The following appeared in #224 (3/16/01) of Holt Uncensored, a twice-weekly email column and website about books and the book industry written by Pat Holt, former Book Review Editor and Critic for The San Francisco Chronicle.
TERRY'S GREAT AUDIO ADVENTURE: PART IIHere we are back at the San Francisco sound studio where my partner Terry is reading her book aloud for the audiocassette and CD abridgment of her book.
Terry's earphoned Mr. Potatohead look is all we can see through the angled window in the sound booth - soon she takes the earphone off and is dwarfed by the giant microphone above her - while just outside, engineer Gary Dominguez adjusts voice levels and producer Elisa Shokoff reads along, making big circles and arrows on the script.
Although they haven't met until today - the first of a three-day session - Gary (freelance) and Elisa (S&S) team up like the pair of seasoned pros they are: Both remember the era in recorded books when physical tape was spliced with razor blades and have gratefully turned to digital technology as the easier, simpler, cleaner process of their dreams.
So: How do audiobook producers keep the rustling of pages and tongue clicks and nose-hair tootles out of the recording? Do they use a software program that erases unwanted audio pixels (if that's what they're called)? Do they employ a professional page-turner who wears gloves to muffle the sound (as a listener I've imagined every scenario).
No, to get rid of the "thunderstorm" effect (people used to hit the mike with the page like a thunderclap), Gary simply erects a wide music stand in front of Terry's microphone so that she can read three pages of the script at a time, without touching paper.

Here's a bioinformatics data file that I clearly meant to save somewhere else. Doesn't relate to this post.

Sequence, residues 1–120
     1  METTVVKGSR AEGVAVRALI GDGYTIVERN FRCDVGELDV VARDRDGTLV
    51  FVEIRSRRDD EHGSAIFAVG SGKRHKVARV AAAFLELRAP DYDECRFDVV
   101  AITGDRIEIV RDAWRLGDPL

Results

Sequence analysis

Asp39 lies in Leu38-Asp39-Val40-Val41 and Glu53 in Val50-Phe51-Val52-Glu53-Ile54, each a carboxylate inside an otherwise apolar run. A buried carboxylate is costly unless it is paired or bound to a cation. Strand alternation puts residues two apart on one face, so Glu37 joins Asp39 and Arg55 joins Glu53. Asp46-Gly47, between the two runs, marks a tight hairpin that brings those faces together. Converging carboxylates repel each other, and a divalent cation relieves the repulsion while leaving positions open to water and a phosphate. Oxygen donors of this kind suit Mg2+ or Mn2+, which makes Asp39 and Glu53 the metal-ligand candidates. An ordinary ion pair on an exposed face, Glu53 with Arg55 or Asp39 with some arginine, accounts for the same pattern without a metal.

Elisa has even seen to it that every page ends in a period, "so your voice won't have that hanging-in-the-air sound in mid-sentence when you turn to the top of the next page."
It's very impressive to see how the process is geared to give the performer every possible relief. "Don't worry if you fumble or stumble," Elisa says. "You can re-read a passage or keep going; we'll come back and do 'pick-ups' at the page break."
Lemony hot water and apple slices are at the ready - they cut through foggy, frog-occupied throats. Milk is not advised, even in coffee (contributes to mucus), and sweets create that sticky catch in the back of the tongue that can give the voice a crackle after a few hours.
The Formal Start
So now. All is in readiness. Terry under the microphone looks a bit nervous because each time she practiced this week, her voice dropped about three registers, and she's found herself tongue-tied on the simplest sentences.
However, as Elisa promises, "it's fine if the first few pages sound a little off. They do to everybody. Remember, the one thing we always, always, ALWAYS do, even with professional actors, even with Jeremy Irons, is to go back after you finish and re-record the beginning."
With that comforting thought, the formal reading is about to begin. Gary takes his place at a huge console of keyboard, screens and speakers. Elisa dons headphones and positions her big soft pencil and script.
Terry in her booth takes a deep relaxing breath and begins reading, and just as the maverick columnist in the room holds her breath to listen as acutely as possible, Elisa and Gary suddenly explode in conversation.
I can't believe it. These two don't seem to be listening at all, consumed as they are in technical matters - cycles, splatters, filters, mike pops, roll-offs, slivers, flaps, EQs (equilizing measures) and slates.
At one point they even turn the overhead sound down, as if that distracting Terry Ryan is interrupting their vital electronic work. But they're really in the thick of "EQ-ing," as they say: Gary is routing out any hint of tinny or flat or tremulous voice levels while Elisa is listening hard for Terry's most appealing natural voice.